WordPress.com | Brooke McGillivray posted: “With a baby there are sleepless nights, diapers to change and constant feedings.  The mess they make is contained to a relatively small space.With a helpless, aging adult there are sleepless nights, diapers to change and the challenge to find ways to fe” | | Respond to this post by replying above this line |

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    | | | | making the climb, hanging on by Brooke McGillivray |

    With a baby there are sleepless nights, diapers to change and constant feedings.  The mess they make is contained to a relatively small space.With a helpless, aging adult there are sleepless nights, diapers to change and the challenge to find ways to feed them adequately when they’ve forgotten how to use knife and fork.  And the messes, well, they can cover a mind-blowingly large space.With a baby the work is hard and often isolating, especially for the stay at home parent. But babies are cute.  The internet is loaded with helpful, funny, encouraging “mommy blogs”. You know this won’t last forever and the expectation is baby will grow month by month, year by year into an independent adult.With the helpless, aging adult there is continued decline.  Independence is gone.  They are not cute. The process is isolating for the one being cared for and the one doing the caring. Although you know this won’t last forever, you can’t help but wonder “how long”.  You feel like a jerk.And I guarantee you, absolutely no one wants to read about it.It’s not a pretty story.  And oddly enough, the people you think might care the most want to hear it the least.A few days ago I accidentally washed a little frog off the side of a flower-pot.  Didn’t mean to do it, but with one misplaced splash of water, down he went.  It took him awhile but he made the climb with his sticky, little feet (or whatever you call them on a frog) and eventually got to the top.  I admired his “stick-to-it-ness”.  Get it? Stick? Sticky? Ok, well… – – –

    Anyway, some days can feel like the frog that got washed away.  It can take a while to get your bearings and find a new route to where you need to go.  Especially when it’s hard to ask for help… because you never know what to expect from that.But on this day the phone rang.  And I didn’t answer it.  Because it was the lady from the state who has an outreach to family caregivers.  I didn’t answer.  Outreach to family caregivers.  What is wrong with me?Because even I don’t want to read or hear or talk about it.  I’m just trying to hang on. Don’t confuse me with help.I did call her back, however.  It’s the polite thing to do.And she had just the right words.  Information I didn’t know I needed.  That came at the right time.I’d hung on long enough to hear them.My journal is filled with questions, as God helps me work through these years.  Sometimes the occasional answer is even written down.  Mostly I write in circles and lately it’s been frustrating.But Jesus said he was leaving something behind… I’m leaving you at peace. I’m giving you my own peace. I’m not giving it to you as the world gives. So don’t let your hearts be troubled, and don’t be afraid.  John 14:27 His Very Own Peace.And again I’m reminded to lose the worry for the answers and not be afraid.  Just take the free gift.  And probably the phone calls too.I had another bit of encouragement this weekend.  I went to the Oregon State Fair for the first time in all the years I’ve lived here.  One building housed a group of Oregon Authors. Imagine, piles of books and authors… all in one place!Honestly though, it was a rather lackluster looking group.  Except for one lady.  She was on her feet chatting with other fair goers.  Everyone else was quietly seated.  Most were hesitant to make eye contact.  No business cards.  But this lady, she had a table full of pretty, purple books, leaflets to hand out and directions to her Amazon page.She was an energy magnet that pulled person after person to her table.And she is 94 years old.94She did caution me though, “don’t wait as long as I did to write your story, dear”.”I have three more in me and time is running out!”Thank you Ruby Williams Jones for,  The Heart of the Homestead.  Thank you for not giving up on your story. And thank you, Jesus, for taking on the weight of those words that some don’t want to hear.  And loving us all anyway.        Brooke McGillivray | September 4, 2016 at 6:00 am | Tags: caregiving, dementia, family, hope | Categories: My Sunday Post | URL: http://wp.me/p1p8Lu-2OU | Comment |    See all comments |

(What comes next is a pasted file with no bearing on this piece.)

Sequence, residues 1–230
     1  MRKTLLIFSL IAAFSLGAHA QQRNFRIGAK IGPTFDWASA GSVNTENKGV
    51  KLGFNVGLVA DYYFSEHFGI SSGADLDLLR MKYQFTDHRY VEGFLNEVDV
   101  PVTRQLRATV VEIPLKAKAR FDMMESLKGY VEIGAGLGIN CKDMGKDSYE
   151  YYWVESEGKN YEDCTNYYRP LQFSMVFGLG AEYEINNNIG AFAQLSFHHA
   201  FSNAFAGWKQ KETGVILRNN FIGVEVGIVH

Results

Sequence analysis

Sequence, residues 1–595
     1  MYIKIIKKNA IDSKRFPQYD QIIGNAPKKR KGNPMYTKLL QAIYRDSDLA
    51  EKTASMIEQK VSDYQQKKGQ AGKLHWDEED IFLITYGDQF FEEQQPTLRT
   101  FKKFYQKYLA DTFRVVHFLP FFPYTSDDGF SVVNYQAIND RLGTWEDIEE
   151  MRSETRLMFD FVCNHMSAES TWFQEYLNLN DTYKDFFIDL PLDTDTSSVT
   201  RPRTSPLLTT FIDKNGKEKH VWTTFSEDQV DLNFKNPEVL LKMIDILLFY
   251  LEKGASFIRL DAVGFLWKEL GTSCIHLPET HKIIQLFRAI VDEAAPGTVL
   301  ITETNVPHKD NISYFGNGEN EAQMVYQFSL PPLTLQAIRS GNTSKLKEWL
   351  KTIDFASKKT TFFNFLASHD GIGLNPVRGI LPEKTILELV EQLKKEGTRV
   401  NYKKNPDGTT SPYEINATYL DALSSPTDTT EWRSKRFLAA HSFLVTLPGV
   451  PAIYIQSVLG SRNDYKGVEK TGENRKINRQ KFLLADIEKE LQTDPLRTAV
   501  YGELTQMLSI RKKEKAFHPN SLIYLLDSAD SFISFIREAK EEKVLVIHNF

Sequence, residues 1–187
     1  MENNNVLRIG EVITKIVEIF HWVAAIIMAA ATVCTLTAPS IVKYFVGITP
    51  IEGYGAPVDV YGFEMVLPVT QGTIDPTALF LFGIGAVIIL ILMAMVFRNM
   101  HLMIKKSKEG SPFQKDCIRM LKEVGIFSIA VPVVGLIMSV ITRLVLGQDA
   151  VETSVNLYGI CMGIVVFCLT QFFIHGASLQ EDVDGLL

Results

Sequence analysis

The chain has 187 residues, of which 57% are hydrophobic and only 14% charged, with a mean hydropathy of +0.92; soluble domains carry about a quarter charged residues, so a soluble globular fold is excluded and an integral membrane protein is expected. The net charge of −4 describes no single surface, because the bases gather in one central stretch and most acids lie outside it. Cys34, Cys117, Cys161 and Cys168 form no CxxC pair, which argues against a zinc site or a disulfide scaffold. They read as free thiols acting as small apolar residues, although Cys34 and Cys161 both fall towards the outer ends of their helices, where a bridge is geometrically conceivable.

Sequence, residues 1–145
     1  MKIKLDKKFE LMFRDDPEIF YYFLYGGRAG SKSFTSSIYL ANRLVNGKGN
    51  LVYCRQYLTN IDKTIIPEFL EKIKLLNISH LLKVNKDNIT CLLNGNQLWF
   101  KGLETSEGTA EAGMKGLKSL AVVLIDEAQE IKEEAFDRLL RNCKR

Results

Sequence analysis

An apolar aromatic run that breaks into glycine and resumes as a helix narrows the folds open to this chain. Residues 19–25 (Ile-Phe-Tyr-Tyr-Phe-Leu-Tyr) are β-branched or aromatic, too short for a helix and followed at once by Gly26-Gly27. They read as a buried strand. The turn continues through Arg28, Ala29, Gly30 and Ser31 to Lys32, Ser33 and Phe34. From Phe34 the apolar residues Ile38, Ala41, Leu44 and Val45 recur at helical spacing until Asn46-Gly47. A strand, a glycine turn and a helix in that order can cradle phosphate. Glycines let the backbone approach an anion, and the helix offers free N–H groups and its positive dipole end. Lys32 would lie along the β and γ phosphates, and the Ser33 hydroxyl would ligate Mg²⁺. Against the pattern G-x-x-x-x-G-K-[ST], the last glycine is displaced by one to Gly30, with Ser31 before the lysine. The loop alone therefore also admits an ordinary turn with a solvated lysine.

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  3. Raw. honest. Sincere. Heartbreaking, and still full of hope.
    Ordered Ruby’s book for my Kindle (yes, I am learning to use it /love it). She sounds very encouraging.
    As always, I appreciate your words and your heart.

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    • I am glad you can see hope in that post. I really don’t like writing about this part of life, but sometimes it just has to be. I hang tightly on to hope and always “hope” that comes thru. 🙂

      I downloaded Ruby’s book also, although haven’t had a chance to read yet. She was truly delightful. If I ever get a book published and am at a county fair, I want to be just like her!!

      Thanks, Maureen.